Programming in Microsoft Excel – Macros – Part 1

Many people use Excel, but few of those people know how to add programs within Excel either to be part of the spreadsheet or just as a tool to help build the spreadsheet.  Over a series of blog posts, I will examine how to work with macros and create your own UDFs (User Defined Functions).  My goal is not to teach you everything about how to use these two features because there are books out there devoted to that, but just to show you how to get started.

The first thing you have to do is to activate the Developer ribbon.  While Microsoft provides a developer ribbon with options to develop macros and UDFs, it does not by default display this ribbon.  I guess that is another example of my opening statement showing that even Microsoft does not believe that the ‘average’ Excel users will need to use these features.  But then you are not average either, right?

To turn on the Developer ribbon, open the File menu and click on Options toward the bottom of the menu.  This opens the Excel Options dialog that consists of the menu on the left and the options for the selected menu item on the right.  Find in this menu the Customize Ribbon menu item and click it.  There are many controls on the right side of the dialog to help you customize the ribbon.  For now, the only control you need to focus on is the large list box on the right side that shows the main ribbon tabs.  Unless you have turned it on previously, the only ribbon not selected (with a check in the checkbox to the left of the name) is Developer.  Click this check box and then click OK.  You should now see the Developer tab at the top of Excel and if you click this tab, you should see the Developer ribbon shown below.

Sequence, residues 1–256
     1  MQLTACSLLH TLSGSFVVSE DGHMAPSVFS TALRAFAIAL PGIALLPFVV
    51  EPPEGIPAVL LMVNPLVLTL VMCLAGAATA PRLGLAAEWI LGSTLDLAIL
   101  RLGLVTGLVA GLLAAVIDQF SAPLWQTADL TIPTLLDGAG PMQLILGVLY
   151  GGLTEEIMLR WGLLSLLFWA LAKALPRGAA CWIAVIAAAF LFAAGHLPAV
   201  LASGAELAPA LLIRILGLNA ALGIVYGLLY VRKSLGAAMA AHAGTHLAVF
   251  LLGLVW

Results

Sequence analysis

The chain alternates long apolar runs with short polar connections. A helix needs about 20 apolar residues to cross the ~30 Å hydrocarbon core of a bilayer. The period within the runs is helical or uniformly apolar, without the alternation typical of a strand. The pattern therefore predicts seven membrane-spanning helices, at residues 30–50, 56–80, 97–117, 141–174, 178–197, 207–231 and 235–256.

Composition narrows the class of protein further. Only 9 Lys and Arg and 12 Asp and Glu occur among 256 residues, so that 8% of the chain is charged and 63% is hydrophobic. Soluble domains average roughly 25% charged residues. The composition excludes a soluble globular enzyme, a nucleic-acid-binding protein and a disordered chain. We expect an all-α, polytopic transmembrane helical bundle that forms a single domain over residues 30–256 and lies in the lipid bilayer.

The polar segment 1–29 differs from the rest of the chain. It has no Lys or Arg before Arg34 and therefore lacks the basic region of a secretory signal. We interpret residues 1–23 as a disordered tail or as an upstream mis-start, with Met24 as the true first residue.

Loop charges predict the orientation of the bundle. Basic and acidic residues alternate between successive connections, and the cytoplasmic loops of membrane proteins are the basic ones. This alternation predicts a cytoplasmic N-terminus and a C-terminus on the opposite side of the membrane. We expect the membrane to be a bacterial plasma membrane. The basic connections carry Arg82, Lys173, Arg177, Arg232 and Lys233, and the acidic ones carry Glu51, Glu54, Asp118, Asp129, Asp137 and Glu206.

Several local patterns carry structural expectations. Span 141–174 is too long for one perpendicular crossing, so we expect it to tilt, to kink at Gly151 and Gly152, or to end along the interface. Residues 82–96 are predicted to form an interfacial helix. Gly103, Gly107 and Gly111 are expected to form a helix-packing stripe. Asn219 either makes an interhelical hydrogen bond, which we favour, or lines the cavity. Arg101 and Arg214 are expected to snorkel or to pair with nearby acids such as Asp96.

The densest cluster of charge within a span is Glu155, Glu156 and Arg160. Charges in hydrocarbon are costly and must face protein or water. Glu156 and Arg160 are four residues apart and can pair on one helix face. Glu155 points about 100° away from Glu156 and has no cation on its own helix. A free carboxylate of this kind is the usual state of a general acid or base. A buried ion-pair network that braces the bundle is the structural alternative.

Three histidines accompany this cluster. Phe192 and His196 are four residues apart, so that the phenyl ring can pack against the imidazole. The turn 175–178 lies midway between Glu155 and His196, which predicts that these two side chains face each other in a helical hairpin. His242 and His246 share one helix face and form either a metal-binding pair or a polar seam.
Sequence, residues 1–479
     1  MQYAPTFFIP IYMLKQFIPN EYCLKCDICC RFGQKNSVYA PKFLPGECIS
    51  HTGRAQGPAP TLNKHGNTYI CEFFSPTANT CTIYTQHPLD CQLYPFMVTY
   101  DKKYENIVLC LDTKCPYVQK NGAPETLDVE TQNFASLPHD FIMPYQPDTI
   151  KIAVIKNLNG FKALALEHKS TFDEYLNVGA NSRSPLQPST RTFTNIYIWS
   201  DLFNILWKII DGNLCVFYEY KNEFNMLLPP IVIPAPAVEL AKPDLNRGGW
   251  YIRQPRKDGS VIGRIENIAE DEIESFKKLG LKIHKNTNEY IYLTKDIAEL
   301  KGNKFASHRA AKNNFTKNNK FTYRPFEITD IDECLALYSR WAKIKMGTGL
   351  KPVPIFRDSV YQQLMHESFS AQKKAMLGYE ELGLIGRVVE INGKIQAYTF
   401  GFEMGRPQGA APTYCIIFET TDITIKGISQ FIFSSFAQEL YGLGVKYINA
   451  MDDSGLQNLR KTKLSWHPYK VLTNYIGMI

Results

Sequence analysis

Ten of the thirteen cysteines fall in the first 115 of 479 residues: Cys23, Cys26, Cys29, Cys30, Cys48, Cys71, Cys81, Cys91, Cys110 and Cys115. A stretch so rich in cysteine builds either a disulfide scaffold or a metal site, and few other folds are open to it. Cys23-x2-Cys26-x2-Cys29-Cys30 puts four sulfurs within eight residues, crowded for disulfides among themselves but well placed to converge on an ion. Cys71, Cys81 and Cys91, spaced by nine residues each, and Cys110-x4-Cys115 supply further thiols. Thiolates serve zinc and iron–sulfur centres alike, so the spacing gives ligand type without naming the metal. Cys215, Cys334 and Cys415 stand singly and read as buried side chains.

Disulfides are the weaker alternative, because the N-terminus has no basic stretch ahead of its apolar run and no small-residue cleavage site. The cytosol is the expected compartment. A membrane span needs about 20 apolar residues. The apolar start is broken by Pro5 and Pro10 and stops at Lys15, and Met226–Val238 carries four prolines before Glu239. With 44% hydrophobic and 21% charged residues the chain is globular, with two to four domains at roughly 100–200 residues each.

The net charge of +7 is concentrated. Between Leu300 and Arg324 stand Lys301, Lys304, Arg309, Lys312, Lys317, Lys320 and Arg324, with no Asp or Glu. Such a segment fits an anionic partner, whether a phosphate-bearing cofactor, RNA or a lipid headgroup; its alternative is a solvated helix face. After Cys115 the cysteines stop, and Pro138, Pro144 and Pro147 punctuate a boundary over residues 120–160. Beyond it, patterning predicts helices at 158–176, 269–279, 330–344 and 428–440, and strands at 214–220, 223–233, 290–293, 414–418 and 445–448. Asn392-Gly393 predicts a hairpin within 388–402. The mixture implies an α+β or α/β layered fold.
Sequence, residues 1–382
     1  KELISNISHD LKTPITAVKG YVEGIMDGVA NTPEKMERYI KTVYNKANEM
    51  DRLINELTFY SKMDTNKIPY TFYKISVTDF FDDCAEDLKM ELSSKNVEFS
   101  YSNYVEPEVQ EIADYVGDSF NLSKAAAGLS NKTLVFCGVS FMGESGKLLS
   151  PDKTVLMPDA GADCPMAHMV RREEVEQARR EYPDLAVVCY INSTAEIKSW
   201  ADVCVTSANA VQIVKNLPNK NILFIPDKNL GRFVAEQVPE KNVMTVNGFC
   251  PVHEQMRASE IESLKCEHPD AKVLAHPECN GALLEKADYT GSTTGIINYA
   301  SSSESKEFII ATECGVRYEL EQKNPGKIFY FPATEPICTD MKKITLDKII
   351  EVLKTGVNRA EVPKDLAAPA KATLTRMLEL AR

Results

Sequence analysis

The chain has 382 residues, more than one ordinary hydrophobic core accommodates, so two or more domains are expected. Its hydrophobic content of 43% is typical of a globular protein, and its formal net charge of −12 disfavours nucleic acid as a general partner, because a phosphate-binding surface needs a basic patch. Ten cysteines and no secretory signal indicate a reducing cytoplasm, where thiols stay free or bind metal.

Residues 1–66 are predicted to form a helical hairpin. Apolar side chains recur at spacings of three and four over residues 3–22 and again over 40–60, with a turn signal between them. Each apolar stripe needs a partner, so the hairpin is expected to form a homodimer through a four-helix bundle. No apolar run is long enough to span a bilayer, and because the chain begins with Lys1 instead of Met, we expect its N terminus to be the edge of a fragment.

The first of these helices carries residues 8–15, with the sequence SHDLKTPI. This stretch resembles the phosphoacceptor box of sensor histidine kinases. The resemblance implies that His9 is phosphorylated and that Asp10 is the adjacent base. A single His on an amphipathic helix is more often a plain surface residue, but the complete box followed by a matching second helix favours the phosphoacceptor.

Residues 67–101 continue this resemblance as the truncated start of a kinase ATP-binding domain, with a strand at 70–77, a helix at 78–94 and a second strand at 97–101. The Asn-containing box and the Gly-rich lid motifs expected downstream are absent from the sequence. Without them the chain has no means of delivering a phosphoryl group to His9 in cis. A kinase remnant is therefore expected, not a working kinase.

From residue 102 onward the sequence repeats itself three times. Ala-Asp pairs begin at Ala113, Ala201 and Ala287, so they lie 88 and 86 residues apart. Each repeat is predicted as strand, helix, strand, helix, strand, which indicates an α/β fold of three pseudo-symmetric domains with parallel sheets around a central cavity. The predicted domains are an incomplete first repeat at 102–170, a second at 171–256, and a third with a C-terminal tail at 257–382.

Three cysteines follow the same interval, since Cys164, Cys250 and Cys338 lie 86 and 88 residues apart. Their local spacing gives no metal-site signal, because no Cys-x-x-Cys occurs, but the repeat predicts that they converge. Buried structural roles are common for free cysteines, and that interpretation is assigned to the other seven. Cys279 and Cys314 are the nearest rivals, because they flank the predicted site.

Now that you are ready to access the developer tools such as the ability to record macros or create your own UDFs, let’s suppose you have the spreadsheet shown on the right from a product inventory.  It shows the product code, product name, and current count.  However, the data appears as a single column of information.  You want to create rows from the data.  You could manually copy and paste data into multiple columns but that would be too time consuming.  Because the structure of the data is consistent (3 rows of data sequentially displaying the code, name and count), you realize that a macro could perform those repetitive steps for you much easier.